Country’s economic growth subject to political goodwill

By Machel Waikenda

Kenya has for long yearned to register an exponential economic path. Undoubtedly, for the last ten years during former president Mwai Kibaki’s administration, the country was anchored on an economic reform path.

On March 4 this year, when the great people of this country voted in the Jubilee government, another milestone and resolve to maintain the country’s economic recovery roadmap was achieved.

A raft of measures contained in the Jubilee Manifesto geared towards promoting the national economy have been outlined, ranging from job creation among the youth, value addition of agricultural products and infrastructural development just to mention a few.

However, in any progressive state positioning itself for economic take off, such growth is not detachable from political goodwill.

Despite the diverse and conflicting political ideologies that may exist, as is the case in any democratic society, creating unity of purpose cannot be over emphasized.

It is about time leaders engaged in constructive criticism in order to give this country the best, a role that can only be achieved through support cutting across the political divide.

It is about time that government and the Opposition worked out an arrangement to ensure Kenyans only get the best of the input of both.

President Uhuru Kenyatta’s rallying call for unity of purpose on issues of national interest and economic growth is encouraging and impressively hopeful of positively changing the political landscape and ironing out the ideological differences in this country.

During the devastating 2008 post-election violence, the country was plunged into anarchy not to mention the despicable political and socio-economic effects that followed and from which the country is yet to fully recover.

Over a thousand people lost lives, hundreds of thousands uprooted from their homes, learning disrupted, properties worth billions looted and more destroyed while investors left in droves putting the country’s economy into a tailspin, invariably tied to politics.

The economic losses registered were immeasurable. Thousands of Kenyans who formerly owned properties they could offer as collateral to access bank loans and other facilities were reduced to beggars.
Thousands of others were rendered jobless due to the high number of businesses shut down and watered the seed of spiralling poverty.

As a country, we can neither run away from these simple facts nor burry heads in the sand on the pretext that we do not require complete transformation of our political culture for the betterment of future generations.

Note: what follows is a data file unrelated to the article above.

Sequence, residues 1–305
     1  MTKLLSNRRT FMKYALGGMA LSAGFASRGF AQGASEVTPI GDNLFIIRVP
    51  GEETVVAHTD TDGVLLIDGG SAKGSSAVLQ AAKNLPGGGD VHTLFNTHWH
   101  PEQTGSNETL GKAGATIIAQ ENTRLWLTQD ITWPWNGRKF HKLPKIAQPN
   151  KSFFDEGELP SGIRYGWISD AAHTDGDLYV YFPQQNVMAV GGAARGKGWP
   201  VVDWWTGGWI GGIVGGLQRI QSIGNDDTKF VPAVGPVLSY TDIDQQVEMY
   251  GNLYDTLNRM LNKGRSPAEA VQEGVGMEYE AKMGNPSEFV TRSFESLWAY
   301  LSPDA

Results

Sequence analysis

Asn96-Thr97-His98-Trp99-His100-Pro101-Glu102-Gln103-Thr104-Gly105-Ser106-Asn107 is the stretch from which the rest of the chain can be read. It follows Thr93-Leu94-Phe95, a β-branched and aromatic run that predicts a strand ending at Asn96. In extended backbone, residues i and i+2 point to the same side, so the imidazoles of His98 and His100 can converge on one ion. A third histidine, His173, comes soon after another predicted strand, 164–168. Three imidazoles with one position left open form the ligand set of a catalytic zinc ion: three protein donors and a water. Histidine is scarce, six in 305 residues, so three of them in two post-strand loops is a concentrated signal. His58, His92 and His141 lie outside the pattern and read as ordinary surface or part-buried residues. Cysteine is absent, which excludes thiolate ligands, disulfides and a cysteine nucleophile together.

If the political gridlock is not consciously unshackled, it will continue impacting negatively on the Kenyan economy to the unforeseen future.

Just like in 2008, a political settlement is needed. This is the only way our leaders can show patriotism and cultivate sense of belonging among the 40 million-strong populace.

This transformation would remain elusive if leaders remain mired in the practice of blunt politics to settle political scores to the detriment of national interest.

Commendably, the Kenyatta administration has opened up to the Opposition seeking to work together to enhance service delivery to Kenyans.

More encouraging is the government’s consistency in keeping things above board and open to public scrutiny. This has been evident in appointments to public office, a refreshing and complete departure from the past.

The goodwill to offer Kenyans what is due to them is visible. The opposition has occasionally reciprocated this notwithstanding entrenched bipartisanship.

Slowly, but ever so surely, the building blocks of a strong national economic and strategic resurgence are quietly moving into place.

It is on this premise that one million jobs can be generated for our majority youths and power the economy. The youth comprise the majority population of this country not to mention the vast untapped expertise they possess.

To ensure there is no economic waste of these talents or possible misuse of the immense knowledge, it is prudent to ensure that this critical mass of citizens, who are major drivers of change are absorbed into active employment, directly and indirectly.

The trickle-down effects will eliminate crime and other socio-economic vices associated with unemployment and poverty.
To achieve such transformation in setting a strong foundation for substantial economic reform and set the country’s agenda towards the right direction, joint political and economic reforms are inevitable.

This will anchor the country in a position to enjoy a surge in regional and international goodwill that stands to drastically lift country’s economic growth potential.

Kenya’s capacity as a regional and international commercial hub is amplified by the strategic position as a regional transit point through modern airports and the all-important and centuries-old, preferred port of call of Mombasa.

Clear policy articulation will automatically enhance investor confidence while the contra effect of heightened political differences will work negatively.

However, the role of opposition and dissenting views must be given its rightful position to exert proper checks and balances against the government.

If Kenyans employ and manage a proper balance of priorities and converge these with political interest, they would undoubtedly see partners beating a path to their door. Economic growth generates higher incomes, which should make people approve of government, as growth generates stability.

(The writer is the TNA Director of Communications. Twitter @MachelWaikenda)

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